Clinicopathological Features and Prognostic Factors Affecting Survival Outcomes in Isolated Locoregional Recurrence of Breast Cancer: Single-Institutional Series

PLOS ONE, Sep 2016

Purpose The purpose of this study was to investigate the clinicopathologic features and prognostic factors affecting outcome in patients with isolated locoregional recurrence of breast cancer (ILRR). Methods We retrospectively analyzed the medical records of 104 patients who were diagnosed with ILRR and underwent curative surgery from January 2000 to December 2010 at Samsung Medical Center. Results Among 104 patients, 43 (41%) underwent total mastectomy and 61 (59%) underwent breast-conserving surgery for primary breast cancer. The median time from initial operation to ILRR was 35.7 months (4.5–132.3 months). After diagnosis of ILRR, 45 (43%) patients were treated with mastectomy, 41 (39%) with excision of recurred lesion, and 18 (17%) with node dissection. During a median follow-up of 8.9 years, the 5-year overall survival was 77% and 5-year distant metastasis-free survival (DMFS) was 54%. On multivariate analysis, younger age (< 35 years), higher stage, early onset of elapse (≤ 24 months), lymph node recurrences, and subtype of triple negative breast cancer (TNBC) were found to be independently associated with DMFS. Patients in the no chemotherapy group showed a longer DMFS after surgery for ILRR than those treated with chemotherapy (median 101.5 vs. 48.0 months, p = 0.072) but without statistical significance. Conclusion Our analysis showed that younger age (< 35 years), higher stage, early onset of relapse (≤ 24 months), lymph node recurrence, and subtype of TNBC are the worst prognostic factors for ILRR.

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Clinicopathological Features and Prognostic Factors Affecting Survival Outcomes in Isolated Locoregional Recurrence of Breast Cancer: Single-Institutional Series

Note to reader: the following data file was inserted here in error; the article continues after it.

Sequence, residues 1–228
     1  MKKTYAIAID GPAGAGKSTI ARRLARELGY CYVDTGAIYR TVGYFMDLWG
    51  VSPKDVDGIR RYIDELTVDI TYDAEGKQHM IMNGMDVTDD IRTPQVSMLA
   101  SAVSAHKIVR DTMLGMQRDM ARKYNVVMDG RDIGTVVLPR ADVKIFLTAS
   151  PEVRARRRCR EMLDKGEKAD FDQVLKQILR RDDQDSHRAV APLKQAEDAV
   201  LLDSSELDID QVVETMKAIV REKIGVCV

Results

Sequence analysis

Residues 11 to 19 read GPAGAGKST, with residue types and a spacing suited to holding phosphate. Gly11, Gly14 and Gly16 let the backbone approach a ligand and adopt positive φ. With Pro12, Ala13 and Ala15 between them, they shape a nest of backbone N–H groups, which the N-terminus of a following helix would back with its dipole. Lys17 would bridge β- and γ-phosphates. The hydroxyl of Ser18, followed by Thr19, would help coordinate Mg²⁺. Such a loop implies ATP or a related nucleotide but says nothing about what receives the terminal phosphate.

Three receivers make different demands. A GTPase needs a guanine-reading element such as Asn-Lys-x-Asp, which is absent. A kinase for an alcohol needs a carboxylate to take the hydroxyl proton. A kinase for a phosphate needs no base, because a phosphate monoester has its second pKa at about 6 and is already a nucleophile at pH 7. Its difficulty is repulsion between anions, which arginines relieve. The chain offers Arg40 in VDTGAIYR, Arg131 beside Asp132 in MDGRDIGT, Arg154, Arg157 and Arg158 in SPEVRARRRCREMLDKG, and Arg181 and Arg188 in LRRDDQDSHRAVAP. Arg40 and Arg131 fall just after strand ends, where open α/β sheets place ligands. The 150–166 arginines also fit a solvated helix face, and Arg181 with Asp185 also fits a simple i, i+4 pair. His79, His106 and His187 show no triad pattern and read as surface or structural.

September Clinicopathological Features and Prognostic Factors Affecting Survival Outcomes in Isolated Locoregional Recurrence of Breast Cancer: Single-Institutional Series Min-Young Lee 0 1 Won Jin Chang 0 1 Hae Su Kim 0 1 Ji Yun Lee 0 1 Sung Hee Lim 0 1 Jeong Eon Lee 1 Seok Won Kim 1 Seok Jin Nam 1 Jin Seok Ahn 0 1 Young-Hyuck Im 0 1 Yeon Hee Park 0 1 0 Division of Hematology and Oncology, Department of Medicine, Samsung Medical Center, Sungkyunkwan University School of Medicine , Seoul , Korea , 2 Department of Surgery, Samsung Medical Center, Sungkyunkwan University School of Medicine , Seoul , Korea 1 Editor: Flavio Rocha, Virginia Mason Medical Center , UNITED STATES - Competing Interests: The authors have declared that no competing interests exist. Purpose Methods Results The purpose of this study was to investigate the clinicopathologic features and prognostic factors affecting outcome in patients with isolated locoregional recurrence of breast cancer (ILRR). We retrospectively analyzed the medical records of 104 patients who were diagnosed with ILRR and underwent curative surgery from January 2000 to December 2010 at Samsung Medical Center. Among 104 patients, 43 (41%) underwent total mastectomy and 61 (59%) underwent breast-conserving surgery for primary breast cancer. The median time from initial operation to ILRR was 35.7 months (4.5±132.3 months). After diagnosis of ILRR, 45 (43%) patients were treated with mastectomy, 41 (39%) with excision of recurred lesion, and 18 (17%) with node dissection. During a median follow-up of 8.9 years, the 5-year overall survival was 77% and 5-year distant metastasis-free survival (DMFS) was 54%. On multivariate analysis, younger age (< 35 years), higher stage, early onset of elapse ( 24 months), lymph node recurrences, and subtype of triple negative breast cancer (TNBC) were found to be independently associated with DMFS. Patients in the no chemotherapy group showed a longer DMFS after surgery for ILRR than those treated with chemotherapy (median 101.5 vs. 48.0 months, p = 0.072) but without statistical significance. Conclusion Our analysis showed that younger age (< 35 years), higher stage, early onset of relapse ( 24 months), lymph node recurrence, and subtype of TNBC are the worst prognostic factors for ILRR. Introduction Isolated locoregional recurrence (ILRR) of breast cancer after breast-conserving surgery (BCS) or mastectomy is associated with an increased risk of distant metastases and a poor prognosis [ 1–6 ]. The incidence of ILRR is approximately 10–13% after BCS and 3–8% after mastectomy [ 7,8 ]. For patients with recurrence, salvage mastectomy has been the predominant local treatment modality for most patients with operable ILRR but second BCS might be considered in some patients, particularly those with small and late recurrence [ 9–11 ]. Furthermore, these patients are regarded candidates for subsequent adjuvant systemic treatments with curative intent. However, the role of systemic adjuvant treatment in the management of ILRR is not well established [ 12,13 ]. In addition, although there are data on salvage surgery, systemic chemotherapy, and hormonal therapy, treatment guidelines for ILRR and the best strategy for patients with ILRR remain controversial. This is because patients have heterogeneous biological features and receive different initial therapies according to disease status of node positive or negative and hormonal receptor positive or negative, therefore analysis of the clinical data of various patients with ILRR is required. The aim of this study was to analyze clinicopathologic features and investigate prognostic factors of outcome in a single-institution series of patients with ILRR. Materials and Methods Patients From January 2000 to December 2010, 4,700 patients received curative surgery for breast cancer at Samsung Medical Center. We conducted a retrospective analysis of the medical records of patients with operable isolated locoregional recurrence (ILRR) with negative resection margin as a first event and no evidence of synchronous metastatic disease. ILRR after mastectomy was defined as initial reappearance of cancer in either the ipsilateral skin or chest wall, or cervical, internal mammary, supraclavicular, infraclavicular, or axillary nodes on ipsilateral side. ILRR after BCS included definition about the appearance of tumor in the same quadrant as the initial tumor. Patients diagnosed after distant metastases or with synchronous distant disease were excluded from this analysis. Data collection We collected demographic data and treatment details as follows: age, gender, date of surgery, method of surgery, presenting features of the ILRR, treatment modalities used (chemotherapy, radiotherapy, or hormonal therapy), and clinical course such as time to ILRR, distant progression, and survival. Clinicopathological data including histology, pathologic stage (American Joint Committee on Cancer 6th edition, AJCC), nuclear grade, tumor size, margin status, and status of the estrogen receptor (ER), progesterone receptor (PgR), and human epidermal growth factor receptor type 2 (HER2), as assessed using immunohistochemical (IHC) staining, were reviewed. The nodal status was also classified according to AJCC. The pN+ (pN1, pN2, 2 / 12 and pN3) included micrometastases in lymph nodes (pN1mi, defined as greater than 0.2 mm and/or more than 200 cells, but none greater than 2.0 mm) and the pN- (pN0) included isolated tumor cells (ITC, defined as small clusters of cells not greater than 0.2 mm, or single tumor cells, or a cluster of fewer than 200 cells in a single histologic cross-section) in completion axillary dissection. ER and PgR positivity was defined as an Allred score of 3–8 by IHC using antibodies to ER (Immunotech, Marseille, France) and PgR (Novocastra, Newcastle upon Tyne, UK). HER2 status was evaluated using an anti-HER2 antibody (DAKO, Glostrup, Denmark) and/or fluorescence in situ hybridization (FISH). This study was approved by the Institutional Review Board of Samsung Medical Center, Seoul, South Korea. Informed consent was waived because the study was based on retrospective clinical data. Statistical analysis Distant metastasis-free survival (DMFS) was defined as the time from the first ILRR to the first appearance of distant metastasis. Overall survival (OS) was defined as survival from the date of first ILRR to death from or the last follow-up. The Kaplan-Meier methodology was used to estimate survival probability, which was expressed as a mean with a range and two-sided 95% confidence interval (CI) and compared between two or more groups of patients using the log-rank test. Cox proportional hazards regression models were used to identify independent factors associated with DMFS or OS. Comparisons of categorical variables among groups were evaluated using either the Pearson’s Chi-square test or Fisher exact test. A two-sided p-value less than 0.05 was considered statistically significant. All statistical analyses were performed using a software package (SPSS, Version 18.0 Network version, Inc., Chicago, IL, USA). Results Patient cohort We retrospectively reviewed medical records for 4,700 patients with histologically confirmed breast cancer who underwent curative surgery at Samsung Medical Center from January 2000 to December 2010. Of these 4,700 patients, 744 (15.8%) had recurrent breast cancer and 194 (4.1%) had an ipsilateral breast recurrence as a first event during regular follow-up. We excluded 53 patients who had concurrent distant metastasis, 8 with concurrent contralateral breast cancer, 14 who did not receive curative surgery, 9 who had an additional surgery within at least 1 month, and 6 who were referred to other centers (Fig 1). ILRR occurred in 104 patients, for an overall ILRR rate of 2.2%. Fig 1. Patient cohort. SMC, Samsung Medical Center; LN, lymph node. 3 / 12 Clinicopathological characteristics of patients with ILRR Patient characteristics are summarized in Table 1 (at presentation of primary breast cancer) and Table 2 (at the time of ILRR). The median age at initial diagnosis was 46 years (range, 27– 76 years). Most patients (82.7%) had stage I or stage II disease. Of these 104 patients, 56 (53.8%) were HR+/HER2- (defined as ER+ and/or PgR+, and HER2-), 26 (25.0%) were HER2+ (defined as HER2+, irrespective of ER or PgR status), and 22 (21.2%) were triple-negative breast cancers (TNBC, defined as ER-, PgR-, and HER2-) at the time of primary breast cancer diagnosis. All patients underwent curative surgery: 43 (41.3%) underwent total mastectomy and 61 (58.7%) patients underwent breast-conserving surgery for the initial presenting breast cancer. The postoperative pathology revealed ductal carcinoma in 92 of 104 patients 4 / 12 % 53.8 12.5 33.7 (88.5%) and non-ductal carcinoma in 12 (11.5%) patients (papillary carcinoma in 5, mucinous carcinoma in 2, mixed carcinoma in 2, medullary carcinoma in 1, cribriform carcinoma in 1, tubular carcinoma in 1 patient). Lymph nodes were pathologically positive in 41 patients (40.4%). Adjuvant treatment consisted of chemotherapy in 76.9% of the patients, adjuvant radiotherapy in 73.1%, and hormonal therapy in 59.6%. Systemic chemotherapy regimens for primary breast cancer were as follows: 26 patients received anthracycline-based chemotherapy, 32 patients received anthracycline-based chemotherapy followed by taxane, and 22 patients received cyclophosphamide/methotrexate/fluorouracil combination chemotherapy. Only five patients received HER2 combination chemotherapy for primary breast cancer because HER2directed therapy was not available until 2010 in our institute. Among the patients with HR+ (defined as ER+ and/or PgR+), most of the patients (60 of 65 patients, 92.3%) received adjuvant hormonal therapy as follows: tamoxifen in 47, non-steroidal aromatase inhibitor in 12, steroidal aromatase inhibitor in 1 patient. Of the total study population, the median time from initial curative surgery to ILRR was 35.7 months (range, 4.5–132.3 months). The median age at occurrence of ILRR was 49 years (range, 27–60 years). The site of locoregional recurrence was at the breast in 56 patients (53.8%), at the chest wall or incision scar in 13 patients (12.5%), and at the regional lymph nodes in 35 patients (33.7%). All patients also underwent curative surgery for ILRR: 45 patients (43.3%) were treated with mastectomy, 41 (39.4%) with excision of recurred lesion, and 18 5 / 12 % (17.3%) with node dissection. Among the patients recurred in breast, 38 patients performed mastectomy and 18 patients treated with wide excision of recurred breast lesion. In these patients, 8 patients (44.4%) attempt second BCS at the time of ILRR despite previously performed BCS. HR and HER2 status was evaluated in 86 patients. For 18 patients who showed a change in HR status (ER or PgR), the HR status changed from positive to negative in 10 patients and from negative to positive in 8 patients. Among the 21 patients with changes in HER2 expression, 5 changed from HER2 positive to negative and 16 from negative to positive (Table 3). Therefore, of the total 104 patients, 35 (33.7%) patients were HR+/HER2-, 36 (34.6%) were HER2+, and 15 (14.4%) were TNBC at the time of ILRR diagnosis. After the operation for ILRR, systemic chemotherapy was administered to 29.8% of the patients, radiotherapy to 34.6%, and hormonal therapy to 45.2%. Systemic chemotherapy regimens for ILRR were selected by the treating physicians for each individual patient on the basis of disease characteristics and previous therapies for the primary breast cancer. Most of the patients (25 of 31 patients, 80.6%) received combination chemotherapy as follows: anthracycline-based in 12, taxane-based in 11, anthracycline plus taxane-based combination chemotherapy in 2 patients. Of the 6 patients treated with monochemotherapy, 4 received capecitabine and 2 received taxane. Among these patients, 10 also received HER2 therapy. Distant metastasis rate and survival outcomes for ILRR The median follow-up duration from date of diagnosis of ILRR was 8.9 years (range, 1.1–14.5 years). Twenty-eight of the 104 patients (26.9%) died during follow-up, with OS at 5 years of 77%. We observed an increase in OS with increasing interval time to ILRR ( 24 vs. 25–48 vs. > 48 months; log-rank p value 0.001). Overall, 49 patients (47.1%) had relapsed disease during the follow-up, with a distant metastasis-free survival (DMFS) rate at 5 years of 54%. The median DMFS was 5.5 years (95% CI: 1.5–9.4). Again, we observed an increasing DMFS with increasing interval time to ILRR ( 24 vs. 25–48 vs. > 48 months; log-rank p value 0.010). The Kaplan-Meier curves for DMFS and OS by stage and subtype are shown in Figs 2 and 3. Tables 4 and 5 list the results of multivariate analysis to examine the influence of a variety of factors on DMFS and OS. In the Cox regression analysis, patients with TNBC subtype had the worst DMFS (hazard ratio [HR], 3.183; 95% CI, 1.503–6.739; p = 0.002) and worst OS (HR, 4.057; 95% CI, 1.707–9.642; p = 0.002), when compared with subtype HR+/HER2- and HER2+. 6 / 12 Fig 2. Kaplan-Meier curves: Distant metastasis-free (A) and overall (B) survival by the stage. ILRR, isolated locoregional recurrence. Fig 3. Kaplan-Meier curves: Distant metastasis-free (A) and overall (B) survival by tumor subtype. ILRR, isolated locoregional recurrence; HR, hormone receptor; HER2, human epidermal growth factor receptor 2; TNBC, Triple negative breast cancer. 7 / 12 CI, con®dential interval; BCS, breast conserving surgery; HR, hormone receptor; HER2, human epidermal growth factor receptor 2; TNBC, Triple negative breast cancer; LN, lymphnode CI, con®dential interval; BCS, breast conserving surgery; HR, hormone receptor; HER2, human epidermal growth factor receptor 2; TNBC, Triple negative breast cancer; LN, lymphnode 8 / 12 Signi®cance (p-value) Hazard ratio Adjustment was made for age, previous surgery methods, stage, time interval to ILRR, recurrence location of ILRR, and adjuvant chemotherapy for ILRR. DMFS after the operation for ILRR was longer in the no chemotherapy group than in the group that received adjuvant chemotherapy (median 101.5 vs. 48.0 months, p = 0.072), but without statistical significance. In analysis according to treatment group, there was significant difference about surgical procedure performed for primary and recurred tumors in patients treated systemic chemotherapy or radiotherapy after the diagnosis of ILRR. In chemotherapy group, patients received BCS more than mastectomy (p = 0.036) for primary breast cancer, and mastectomy more than excision or node dissection (p = 0.004) for ILRR. In radiotherapy group, patients underwent mastectomy more than BCS (p = 0.000) for primary breast cancer, and excision or node dissection more than mastectomy (p = 0.000) for ILRR. Other clinicopathological characteristics were not significant differences in each group. Discussion The incidence of ILRR of breast cancer is approximately 10–13% within 10 years after BCS, and 3–8% after mastectomy plus postoperative radiotherapy [ 7,8 ]. Despite local treatment, ILRR has been associated with an increased risk of distant metastasis and poor prognosis [ 2,3,6,14,15 ]. The disease-free interval is one of the most powerful prognostic factors of survival and the critical time interval to recurrence is associated with the highest risk of subsequent distant metastasis and death [ 2,6,16,17 ]. In the EORTC 10801 trial, van Dongen et al. [18] observed that 73% of patients with ILRR < 2 years after mastectomy had subsequent distant metastasis, compared to 35% with an interval 2 years. There are still no standard guidelines for treatment strategies after ILRR. Several studies have reported salvage surgery as a therapeutic modality available to patients with ILRR. The generally recommended treatment for ILRR after BCS is salvage mastectomy, although the outcome of a second conservative procedure has also recently been investigated. In a retrospective analysis from the European Institute of Oncology [ 9 ], 161 patients with ILRR underwent a second BCS with 5-year cumulative incidence of further recurrence of the tumor after second BCS of 15.2% in the subset of patients with a recurrent tumor < 2 cm that occurred more than 48 months after the primary cancer treatment. There are few studies of the role of salvage hormonal therapy. Results of the randomized phase III SAKK 23/82 trial comparing tamoxifen to observation demonstrated that tamoxifen significantly improved the post-recurrence DFS for patients with ER-positive tumors. In long-term analysis at a median follow-up of 11.6 years, this trial showed a 5-year DFS of 40% in the observation group and 61% in the tamoxifen group. Another salvage treatment option is systemic chemotherapy. The CALOR trial was the first randomized trial to investigate the use of chemotherapy in patients with ILRR [ 19 ]. In this trial, 162 patients with completely excised ILRR were randomly allocated to either chemotherapy or no chemotherapy. The 5-year disease free-survival (DFS) was 69% in the chemotherapy group compared with 57% in the no chemotherapy group (p = 0.046). Adjuvant chemotherapy also resulted in an improved 5-year survival of 88% versus 76% (p = 0.024). In particular, this study also showed that chemotherapy was significantly more effective for patients in the ERnegative group. Although these studies support a potential role for adjuvant hormonal therapy and chemotherapy in ILRR, the precise procedure and optimal treatment remain uncertain. In our study, patients with operable ILRR had 5-year OS of 77% and 5-year DMFS of 54% during the median follow-up duration of 8.9 years. ILRR that occurred later during follow-up was associated with better prognosis than that occurring earlier ( 24 vs. 25–48 vs. and > 48 months). In addition, among women diagnosed with ILRR, younger age (< 35 years), higher stage, early onset of the relapse ( 24 months), lymph node recurrences, and subtype of TNBC were independent factors affecting distant metastasis in our cohort. Likewise, early onset of the relapse ( 24 months), and subtype of TNBC were independent factors for survival rate. Survival analysis using the Cox proportional hazards method suggested that tumor subtype had a higher hazard ratio (DMFS, HR 3.183, 95% CI, 1.503–6.739; OS, HR 4.057; 95% CI, 1.707– 9.642) than other variables, especially stage. The patients with TNBC showed significant lower DMFS and OS (median DMFS, 101.5 vs 19.6 months; median OS, not reached vs 64.4 months) compared with the other groups. This implies that the influence of tumor subtype on overall survival rate is so large that the effect of disease can essentially be ignored. In these factors affecting DMFS and OS, it is also well known that women with TNBC has been associated with younger age, more advanced stage and have early relapse in epidemiological research [ 20 ]. However, the patients with TNBC tend to have early recurrence, but they did not show a tendency to younger age, higher stage or node recurrence, in our study populations. This difference is due to the retrospective analysis that TNBC group is a small number of included in this study than in the other group. Several prospective and large-cohort retrospective studies have demonstrated that alterations in HR and HER2 status between individual primary tumors and relapsed tumors have statistically significant prognostic implications [ 21,22,23 ]. Our data showed similar results, indicating the importance of salvage treatment according to HR and HER2 status of ILRR. The present study had several limitations. First, our study was a retrospective analysis performed at a single institution and there might be a selection bias of physicians concerning 9 / 12 which individual patients underwent salvage treatment. There is also a limitation to interpreting our results because a variety of salvage chemotherapy regimens and hormonal therapy drugs were used. In addition, the patients who have not received HER2-directed therapy included our study cohort even though they have HER2-overexpressing tumor because adjuvant HER2-directed therapy has been reimbursed since 2010 in Korea. At presentation of primary breast cancer, only small proportion of the patients (5 of 18, 27.7%) could have received HER2-directed therapy among the patients who underwent systemic chemotherapy in patients with HER2 positive. However, most of the patients (10 of 12, 83.3%) have received HER2 therapy among the patients who underwent systemic chemotherapy in HER2+ expression at the time of ILRR. This limitation may have affected our findings. Second, the ILRR patient group had a small sample size compared to the incidence of ILRR in other reported studies. This low incidence and small number of patients who were diagnosed with ILRR limited our ability to identify meaningful predictive or prognostic factors. Third, our study did not clearly classified ILRR as either true local recurrence or new primary tumors. Several studies have attempted to classify these two entities by the location, histology, DNA flow cytometry, and/or molecular criteria [ 24,25 ]. This distinction is important because it could be related different natural histories, prognosis, or different implications for therapeutic management. However, several studies used various criteria because of the exact criteria to distinct these two entities is not well defined. In this study, we classified ILRR mainly based on tumor location without molecular or genetic sequencing confirmation. In addition, our study populations had a change in histology type in 8 patients (7.7%). Previous reports supported that new primary tumors had better survival rates than true local recurrence. This limitation might be affected to interpreting our results of survival rates. These limitations might explain why our results for the role of chemotherapy are different from those of previous studies. Among the 104 patients enrolled in our study, DMFS after the operation for ILRR was longer in the no chemotherapy group than in the adjuvant chemotherapy group. This might be because our study was a retrospective review and analyzed patients with ILRR regardless of previous treatment for the primary breast cancer. In the subgroup analysis, there was a significant difference in the type of surgical treatment performed for both the primary tumor and ILRR between patients treated with salvage chemotherapy versus radiotherapy. In addition, we analyzed the role of chemotherapy for each subtype. Among the 22 patients with TNBC, 19 received adjuvant chemotherapy and 3 received no chemotherapy at the time of primary breast cancer diagnosis. No significant differences in distant metastasisfree and overall survival benefits were observed in the chemotherapy groups (log-rank p value 0.364 and 0.254), but this may be due to the small number of patients in each subgroup. We also analyzed the role of each surgical treatment for ILRR. About 43.3% patients performed mastectomy and 56.7% patients treated with excision of recurred lesion or lymph node dissection at presentation of ILRR. Second BCS performed 8 patients (44.4%) in the patients group with previously performed BCS for primary breast cancer. In survival analysis, DMFS rate of the excision or node dissection group was significant lower (p = 0.039) when compared to mastectomy group, but not in OS. The findings of the current study suggest that it is difficult to evaluate retrospective analyses of ILRR even if a large uniform sample size is obtained. The incidence of ILRR was definitely not low, but the patient population included various patient groups according to biological characteristics of primary breast cancer and heterogeneity of treatment received. In several studies of ILRR, even the recent prospective CALOR study [ 19 ], the patients did not receive a unified salvage therapy because the physicians selected personalized surgery, chemotherapy, radiotherapy, or hormonal therapy regimens for their patients on the basis of previously received treatment and changes in biological marker status. Also, recently published research 10 / 12 results about HER2 status and HER2-directed therapy such as trastuzumab have become available since 2004 or 2005 and a variety of HER2 directed therapies with trastuzumab, pertuzumab, and T-DM1 are now available. Thus, further studies of ILRR should consider these newly available agents. In summary, our retrospective review highlights the difficulties associated with analysis of ILRR. ILRR of breast cancer exhibits very heterogeneous characteristics such as alterations in biological markers and variations in treatment modalities involving multiple chemotherapy regimens or hormonal therapy drugs, including newly developed or approved agents. The management of each patient requires a multidisciplinary approach that depends not only on factors specific to the recurrence itself but also on factors related to the original treatment. Future validation in a large prospective series and additional research on proper therapeutic strategies for ILRR with new agents is warranted. Conclusions Our analysis showed that younger age (< 35 years), higher stage, early onset of relapse ( 24 months), lymph node recurrence, and subtype of TNBC are the worst prognostic factors for patients with ILRR. Author Contributions Conceived and designed the experiments: YHP MYL WJC. Performed the experiments: YHP MYL HSK. Analyzed the data: MYL YHP JYL. Contributed reagents/materials/analysis tools: MYL WJC SHL JEL SJN JSA YHI. Wrote the paper: YHP MYL WJC SWK. 11 / 12 1. Favourable and unfavourable effects on long-term survival of radiotherapy for early breast cancer: an overview of the randomised trials . Early Breast Cancer Trialists' Collaborative Group. Lancet . 2000 ; 355 : 1757 ± 1770 . PMID: 10832826 2. Anderson SJ , Wapnir I , Dignam JJ , Fisher B , Mamounas EP , Jeong JH , et al. Prognosis after ipsilateral breast tumor recurrence and locoregional recurrences in patients treated by breast-conserving therapy in five National Surgical Adjuvant Breast and Bowel Project protocols of node-negative breast cancer . J Clin Oncol . 2009 ; 27 : 2466 ± 2473 . doi: 10 .1200/JCO. 2008 . 19 .8424 PMID: 19349544 3. Clemons M , Danson S , Hamilton T , Goss P. 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Min-Young Lee, Won Jin Chang, Hae Su Kim, Ji Yun Lee, Sung Hee Lim, Jeong Eon Lee, Seok Won Kim, Seok Jin Nam, Jin Seok Ahn, Young-Hyuck Im, Yeon Hee Park. Clinicopathological Features and Prognostic Factors Affecting Survival Outcomes in Isolated Locoregional Recurrence of Breast Cancer: Single-Institutional Series, PLOS ONE, 2016, DOI: 10.1371/journal.pone.0163254